4 Chinese hackers allegedly behind the Equifax data breach that divulged the personal and financial data of closely 150 million Americans have been charged by the United States Department of Justice.
The four charged, Wu Zhiyong (吴志勇), Wang Qian (王乾), Xu Ke (许可) and Liu Lei (刘磊), have also been indicted for being involved in hacking and stealing business secrets, intellectual property and private information from numerous other U.S. businesses recently.
In September 2017, credit reporting agency Equifax revealed it had become a victim of a huge cyberattack that left highly sensitive data of closely half of the U.S. population in the hands of hackers.
Hackers are reported to have compromised Equifax servers using a serious susceptibility in Apache Struts Web Framework that the company forgot to fix on time even when an updated secure version of the software was on hand.
“They used this access to conduct reconnaissance of Equifax’s online dispute portal and to obtain login credentials that could be used to further navigate Equifax’s network. The defendants spent several weeks running queries to identify Equifax’s database structure and searching for sensitive, personally identifiable information within Equifax’s system,” the DoJ said.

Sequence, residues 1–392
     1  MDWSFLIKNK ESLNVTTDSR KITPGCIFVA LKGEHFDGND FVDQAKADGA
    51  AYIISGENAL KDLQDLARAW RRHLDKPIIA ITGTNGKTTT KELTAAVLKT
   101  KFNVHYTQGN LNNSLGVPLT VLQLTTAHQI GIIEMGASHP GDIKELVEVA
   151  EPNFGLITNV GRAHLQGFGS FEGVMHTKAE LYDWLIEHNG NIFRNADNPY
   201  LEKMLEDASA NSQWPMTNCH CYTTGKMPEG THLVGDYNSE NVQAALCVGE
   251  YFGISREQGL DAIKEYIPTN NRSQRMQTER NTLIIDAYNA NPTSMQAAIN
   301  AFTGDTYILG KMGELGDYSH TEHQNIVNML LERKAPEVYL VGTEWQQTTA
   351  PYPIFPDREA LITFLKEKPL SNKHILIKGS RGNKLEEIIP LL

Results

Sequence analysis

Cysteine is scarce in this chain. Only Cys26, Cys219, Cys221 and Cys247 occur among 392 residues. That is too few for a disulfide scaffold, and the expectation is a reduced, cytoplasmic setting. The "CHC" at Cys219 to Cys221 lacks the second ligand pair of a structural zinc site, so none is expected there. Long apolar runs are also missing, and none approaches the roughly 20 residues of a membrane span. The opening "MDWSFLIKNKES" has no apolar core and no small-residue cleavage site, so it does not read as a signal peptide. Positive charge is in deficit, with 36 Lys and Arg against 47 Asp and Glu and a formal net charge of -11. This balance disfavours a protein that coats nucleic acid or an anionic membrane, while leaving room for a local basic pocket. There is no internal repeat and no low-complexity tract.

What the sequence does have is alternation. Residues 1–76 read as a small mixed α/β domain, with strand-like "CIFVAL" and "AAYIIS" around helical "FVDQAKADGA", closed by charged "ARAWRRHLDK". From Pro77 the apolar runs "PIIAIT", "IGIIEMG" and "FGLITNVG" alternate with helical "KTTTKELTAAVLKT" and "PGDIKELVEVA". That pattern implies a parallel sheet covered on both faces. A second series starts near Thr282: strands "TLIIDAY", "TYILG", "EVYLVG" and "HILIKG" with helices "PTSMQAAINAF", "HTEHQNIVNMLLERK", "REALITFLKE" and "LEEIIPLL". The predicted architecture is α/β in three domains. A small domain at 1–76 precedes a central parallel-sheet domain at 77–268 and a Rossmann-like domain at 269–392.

“Once they accessed files of interest, the conspirators then stored the stolen information in temporary output files, compressed and divided the files, and ultimately were able to download and exfiltrate the data from Equifax’s network to computers outside the United States. In total, the attackers ran approximately 9,000 queries on Equifax’s system, obtaining names, birth dates, and social security numbers for nearly half of all-American citizens.”
“The defendants took steps to evade detection throughout the intrusion, as alleged in the indictment. They routed traffic through approximately 34 servers located in nearly 20 countries to obfuscate their true location, used encrypted communication channels within Equifax’s network to blend in with normal network activity, and deleted compressed files and wiped log files on a daily basis in an effort to eliminate records of their activity.”
Due to the breach, Equifax was fined £500,000 by the U.K.’s privacy watchdog for not being able to take suitable steps to shield its customers and also decided to pay up to $700 million in fines to settle a string of state and federal investigations in the United States.
The DoJ officials said the FBI began this inquiry two years ago with only 40 IP addresses that were involved in the attacks.
All four indicted accused are still at large and have been added to the FBI’s Most Wanted Cyber list.